While the short-term outlook for employment remains strong, labour and skills shortages are starting to bite in UK sectors that employ a high number of EU nationals, according to the latest Labour Market Outlook from the CIPD and The Adecco Group.
The report suggests that, despite a near record number of vacancies (748,000 according to the latest ONS data), UK employers are struggling to fill roles with the right candidates as a result of both labour and skills shortages.
Official ONS data and the Labour Market Outlook suggest that a fall in the supply of EU nationals may be playing a key role. The official data (ONS: Jan 2017) shows that low-skilled sectors that typically employ a large number of non-UK nationals from the European Union are facing particular recruitment challenges with vacancies in retail and wholesale, manufacturing, health and accommodation, and food services making up almost half (45 per cent) of all vacancies.
The Labour Market Outlook, a survey of more than 1,000 employers finds that that the most common response to labour shortages has been to leave the positions empty, reflecting the tightness of the domestic labour market and tentative signs that the UK is attracting and retaining fewer EU nationals.
The report also shows that as many as one in four employers (27 per cent) have seen evidence to suggest that non-UK nationals from the European Union consider leaving their organisation and/or the UK in 2017.
Number of EU nationals dropping
This is consistent with official data, which suggests that the growth in the number of non-UK EU nationals in employment in the UK has slowed sharply in recent months. The figures, which are not seasonally adjusted so some caution should be attached to drawing firm conclusions from the data, show that the number of non-UK nationals from the European Union almost halved from an average of more than 60,000 per quarter in the nine months to June 2016 to just 30,000 in the three months to September 2016.
The public sector is set to be severely impacted by the risk of a drop in EU labour, 43 per cent of education and 49 per cent of healthcare sector employers surveyed in the Labour Market Outlook say they believe EU migrants among their workforce consider leaving their organisation and/or the UK in 2017.
Despite there being a significant slowdown in the number of EU nationals coming into the UK, and the threat of some leaving, more than a quarter (27 per cent) of employers who employ EU nationals are still unsure of how many EU nationals they employ in their workforce.
Gerwyn Davies, labour market adviser for the CIPD, comments, ‘The most recent official data suggest that there has been a significant slowdown in the number of non-UK nationals from the European Union in work in the UK.
‘This is creating significant recruitment challenges in sectors that have historically relied on non-UK labour to fill roles and who are particularly vulnerable to the prospect of future changes to EU immigration policy. With skills and labour shortages set to continue, there’s a risk that many vacancies will be left unfulfilled which could act as a brake on output growth in the UK in the years ahead.’
Davies adds, ‘Employers need to start collecting data about their workforce and review their approach to workforce development and training to avoid a squeeze on skills and the workforce. Employers in sectors like retail, hospitality and care, will need to work much harder to attract candidates and combat labour shortages by improving the attractiveness of their jobs through better line management and job design, developing closer links with local educational institutions and improving pay and employment conditions where possible.’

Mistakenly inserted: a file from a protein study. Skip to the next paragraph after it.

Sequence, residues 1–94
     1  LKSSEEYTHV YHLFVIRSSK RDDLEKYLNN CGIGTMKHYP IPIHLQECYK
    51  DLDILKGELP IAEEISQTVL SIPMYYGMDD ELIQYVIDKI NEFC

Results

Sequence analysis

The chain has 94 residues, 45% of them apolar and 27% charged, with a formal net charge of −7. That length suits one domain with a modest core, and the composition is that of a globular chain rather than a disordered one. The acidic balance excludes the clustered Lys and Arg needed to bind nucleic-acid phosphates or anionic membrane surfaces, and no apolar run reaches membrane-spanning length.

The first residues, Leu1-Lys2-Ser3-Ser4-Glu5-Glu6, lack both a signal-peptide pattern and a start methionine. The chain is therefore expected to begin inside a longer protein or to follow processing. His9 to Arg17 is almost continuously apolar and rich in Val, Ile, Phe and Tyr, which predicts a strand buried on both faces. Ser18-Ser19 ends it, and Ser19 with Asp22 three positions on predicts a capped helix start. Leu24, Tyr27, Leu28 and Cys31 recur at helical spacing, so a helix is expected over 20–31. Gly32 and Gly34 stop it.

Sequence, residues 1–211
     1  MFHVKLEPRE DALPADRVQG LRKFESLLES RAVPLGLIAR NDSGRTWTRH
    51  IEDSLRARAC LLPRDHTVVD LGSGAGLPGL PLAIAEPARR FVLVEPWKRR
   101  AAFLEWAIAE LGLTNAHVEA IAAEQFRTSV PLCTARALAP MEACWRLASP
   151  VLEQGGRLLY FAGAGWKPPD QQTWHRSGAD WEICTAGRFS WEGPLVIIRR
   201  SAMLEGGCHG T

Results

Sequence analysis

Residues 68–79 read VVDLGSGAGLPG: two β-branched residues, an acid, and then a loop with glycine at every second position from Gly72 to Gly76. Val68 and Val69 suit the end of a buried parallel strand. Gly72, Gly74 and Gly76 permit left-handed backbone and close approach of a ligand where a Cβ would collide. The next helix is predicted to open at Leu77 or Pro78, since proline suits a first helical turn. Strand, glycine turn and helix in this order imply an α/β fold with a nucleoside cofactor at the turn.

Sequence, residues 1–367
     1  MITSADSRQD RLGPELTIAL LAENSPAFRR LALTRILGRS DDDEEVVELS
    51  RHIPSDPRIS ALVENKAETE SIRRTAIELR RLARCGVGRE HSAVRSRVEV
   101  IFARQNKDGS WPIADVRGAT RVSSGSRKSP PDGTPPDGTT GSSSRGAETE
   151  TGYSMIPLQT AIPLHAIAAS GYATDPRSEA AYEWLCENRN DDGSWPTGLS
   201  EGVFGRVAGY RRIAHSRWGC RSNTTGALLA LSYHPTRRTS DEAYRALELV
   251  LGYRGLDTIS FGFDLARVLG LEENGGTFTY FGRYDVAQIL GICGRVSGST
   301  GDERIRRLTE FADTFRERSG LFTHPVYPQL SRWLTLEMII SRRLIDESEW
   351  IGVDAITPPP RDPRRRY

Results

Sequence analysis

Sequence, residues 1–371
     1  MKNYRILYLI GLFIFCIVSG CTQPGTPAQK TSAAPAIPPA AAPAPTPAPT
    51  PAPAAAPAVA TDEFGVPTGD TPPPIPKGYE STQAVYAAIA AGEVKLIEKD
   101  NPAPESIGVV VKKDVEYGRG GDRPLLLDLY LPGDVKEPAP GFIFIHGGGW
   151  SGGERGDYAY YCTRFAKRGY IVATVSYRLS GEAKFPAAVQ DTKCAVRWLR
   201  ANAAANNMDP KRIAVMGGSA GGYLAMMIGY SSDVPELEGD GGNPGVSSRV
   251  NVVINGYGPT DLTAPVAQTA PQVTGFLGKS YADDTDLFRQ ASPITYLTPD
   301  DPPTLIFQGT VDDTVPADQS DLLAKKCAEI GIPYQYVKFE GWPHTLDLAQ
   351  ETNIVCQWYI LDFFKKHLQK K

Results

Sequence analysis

Businesses want to keep on EU workers
The report also asked employers that employ EU nationals how they would respond to migration restrictions. A quarter (26 per cent) say they would ‘pay the difference’ and absorb the extra cost of recruiting EU nationals, whilst others say they would seek to retain older workers (19 per cent), invest more in training and up-skilling (17 per cent), recruit more apprentices (17 per cent) and look for UK-born graduates (16 per cent).
John L. Marshall, CEO of The Adecco Group UK & Ireland, says, ‘The big decisions that Britain took last year are beginning to show in the UK labour market. It is encouraging that some employers are beginning to look to new solutions for their future workforce with investment in retraining and apprenticeships, but many more need to begin this planning and investment in their workforce.
‘Whilst the outcome of Brexit negotiations is still uncertain, employers’ access to EU migrant workers is likely to change. Investing in young people is a solid long-term strategy, but employers also need to face the facts and prepare for a situation where they might lose access to significant numbers of skilled EU workers in the near future.’
Despite challenges with labour shortages, this has not acted to push pay up significantly. However, there have been modest signs of improvement. According to the Labour Market Outlook, median basic pay expectations have risen to 1.5 per cent from 1.1 per cent, compared to last quarter, for the year ahead. The recent rise in inflation is one of the key reasons that seems to be putting pressure on employers to improve pay.
This was a key factor for 28 per cent of employers awarding a basic pay rise of 2 per cent or more, compared to just 17 per cent in the previous quarter. Long-awaited productivity improvements and the National Living Wage are other factors that are boosting basic pay awards of some employers (these were factors for 34 per cent and 21 per cent of employers respectively).
Pay expectations are highest in manufacturing and production (2 per cent) and services (2 per cent) and lower in the public sector (1 per cent) which is still experiencing pay restraints.